King João of Aviz enjoyed a long reign (1385-1433) that opened the Golden Age of Portugal. He married Philippa of Lancaster, whose father had sent those invaluable English bowmen in his hour of need. (Portugal and England have been allies ever since.) Their third son, known in English as Henry the Navigator, encouraged and financed voyages of discovery that gave Portugal a global empire that lasted into the 20th century. Their fifth son, Blessed Fernando the Constant, was left a hostage in Muslim hands and died a slave in Morocco.
But Nuno’s House of Bragança outlasted João’s House of Aviz. Nuno’s descendants repeatedly intermarried with legitimate members of the royal family. Through these unions, his blood was carried to great swathes of European royalty—kings and queens, emperors and empresses of Portugal, Castile, Spain, England, France, the Holy Roman Empire, Austria-Hungary, Brazil, and Italy. Among Nuno’s most famous descendants are Isabella of Spain, Mary Tudor, Don Juan of Austria, Louis XIV, Marie Antoinette, and Blessed Karl von Habsburg, as well as the current kings of Spain and Belgium. Moreover, after the House of Aviz went extinct in 1578 and Spain annexed Portugal, the Duke of Bragança led a movement for Portuguese independence. He took the restored throne as João IV in 1640 and married his daughter Catalina to Charles II of England. The last king of Portugal abdicated in 1910 after his father and brother were assassinated by revolutionaries. Subsequent Bragança heirs have renounced their claims to the throne.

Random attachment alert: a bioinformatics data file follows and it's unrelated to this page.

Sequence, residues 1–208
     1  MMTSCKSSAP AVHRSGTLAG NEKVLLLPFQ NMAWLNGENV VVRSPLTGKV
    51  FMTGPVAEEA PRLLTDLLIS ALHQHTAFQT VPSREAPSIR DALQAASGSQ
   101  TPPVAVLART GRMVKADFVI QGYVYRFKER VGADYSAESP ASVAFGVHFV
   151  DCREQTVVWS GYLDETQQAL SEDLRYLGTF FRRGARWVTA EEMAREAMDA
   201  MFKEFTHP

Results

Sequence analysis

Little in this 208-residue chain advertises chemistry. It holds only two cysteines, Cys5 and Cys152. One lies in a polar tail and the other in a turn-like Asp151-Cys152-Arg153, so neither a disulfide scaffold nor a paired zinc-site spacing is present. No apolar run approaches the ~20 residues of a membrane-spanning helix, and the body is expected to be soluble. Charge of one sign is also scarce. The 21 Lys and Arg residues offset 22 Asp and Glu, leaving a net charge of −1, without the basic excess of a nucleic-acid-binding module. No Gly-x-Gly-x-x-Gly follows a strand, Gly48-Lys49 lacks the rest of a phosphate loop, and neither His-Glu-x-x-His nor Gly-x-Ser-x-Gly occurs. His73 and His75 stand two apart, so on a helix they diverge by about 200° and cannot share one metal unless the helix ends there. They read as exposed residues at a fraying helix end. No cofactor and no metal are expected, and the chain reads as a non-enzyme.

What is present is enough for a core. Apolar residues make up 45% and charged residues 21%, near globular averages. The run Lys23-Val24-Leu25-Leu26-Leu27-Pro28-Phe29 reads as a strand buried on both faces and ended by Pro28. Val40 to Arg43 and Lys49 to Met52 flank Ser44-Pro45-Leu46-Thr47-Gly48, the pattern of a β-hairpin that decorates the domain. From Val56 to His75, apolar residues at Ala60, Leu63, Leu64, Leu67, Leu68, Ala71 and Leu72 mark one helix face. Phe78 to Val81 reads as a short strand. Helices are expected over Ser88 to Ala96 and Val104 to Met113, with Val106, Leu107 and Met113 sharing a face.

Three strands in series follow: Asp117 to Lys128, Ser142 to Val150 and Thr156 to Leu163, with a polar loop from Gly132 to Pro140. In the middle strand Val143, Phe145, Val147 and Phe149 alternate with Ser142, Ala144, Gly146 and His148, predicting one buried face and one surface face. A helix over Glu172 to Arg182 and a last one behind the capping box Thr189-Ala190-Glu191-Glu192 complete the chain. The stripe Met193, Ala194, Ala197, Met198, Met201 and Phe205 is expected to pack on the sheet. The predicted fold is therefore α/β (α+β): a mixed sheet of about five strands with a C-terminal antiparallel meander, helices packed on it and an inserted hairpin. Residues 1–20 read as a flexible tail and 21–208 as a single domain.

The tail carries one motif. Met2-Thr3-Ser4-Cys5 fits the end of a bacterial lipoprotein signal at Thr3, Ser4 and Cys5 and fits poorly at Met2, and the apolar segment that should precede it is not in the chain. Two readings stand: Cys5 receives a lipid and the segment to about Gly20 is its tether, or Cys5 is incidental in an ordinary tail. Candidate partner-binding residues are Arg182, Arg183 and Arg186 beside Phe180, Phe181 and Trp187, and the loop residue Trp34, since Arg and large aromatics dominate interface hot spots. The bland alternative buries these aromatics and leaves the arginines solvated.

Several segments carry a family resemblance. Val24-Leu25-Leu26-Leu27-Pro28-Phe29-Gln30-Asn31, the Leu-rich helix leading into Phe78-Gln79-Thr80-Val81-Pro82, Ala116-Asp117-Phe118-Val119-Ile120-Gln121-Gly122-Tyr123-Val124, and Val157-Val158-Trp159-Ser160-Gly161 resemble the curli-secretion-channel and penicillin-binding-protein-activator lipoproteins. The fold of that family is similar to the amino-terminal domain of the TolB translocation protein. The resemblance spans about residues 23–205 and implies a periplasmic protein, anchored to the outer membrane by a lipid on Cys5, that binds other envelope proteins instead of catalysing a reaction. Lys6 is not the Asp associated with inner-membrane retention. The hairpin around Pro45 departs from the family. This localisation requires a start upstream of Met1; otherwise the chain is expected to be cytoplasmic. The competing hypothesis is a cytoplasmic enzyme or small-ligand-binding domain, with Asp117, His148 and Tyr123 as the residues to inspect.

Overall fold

Nuno’s much-honored life entered a new phase after Leonor, his wife of more than 40 years, died. In 1423, he renounced his titles and entered the Carmelite convent at Lisbon that he had founded and endowed. Taking the name Brother Nuno of Santa Maria, he was famous for his humility, prayer, penance, and devotion to Our Lady. He established a lay confraternity to work among the poor that eventually became the Carmelite Third Order.
There is an apocryphal story that in Nuno’s last years, his old foe King Juan of Castile visited him. In the course of their conversation the king mentioned the possibility of another Castilian invasion. Brother Nuno raised his habit to reveal that he was wearing chain mail under it, silent witness to fight again in his country’s defense.
Nuno died on Easter Sunday, 1431. His tomb bore this inscription:
“Here lies that famous Nuno the Constable, founder of the House of Bragança, excellent general, blessed monk, who during his life on earth so ardently desired the Kingdom of Heaven that after his death, he merited the eternal company of the Saints. His worldly honors were countless, but he turned his back on them. He was a great Prince, but he made himself a humble monk. He founded, built, and endowed this church in which his body rests.”
Although Nuno’s tomb was destroyed in the 1755 Lisbon earthquake, the site was rediscovered a dozen years ago.
Pope Benedict XV beatified Nuno in 1918, assigning November 6 as his feast day. Pope Pius XII intended to canonize him but World War II and its aftermath made this unfeasible. Blessed Nuno’s cause was re-activated in 2003. After the cure of a Portuguese woman blinded in one eye by a splash of oil while frying fish was judged miraculous, Blessed Nuno was canonized in Rome on April 26 by Pope Benedict XVI. Portugal’s “Holy Constable” has earned his last and greatest public honor.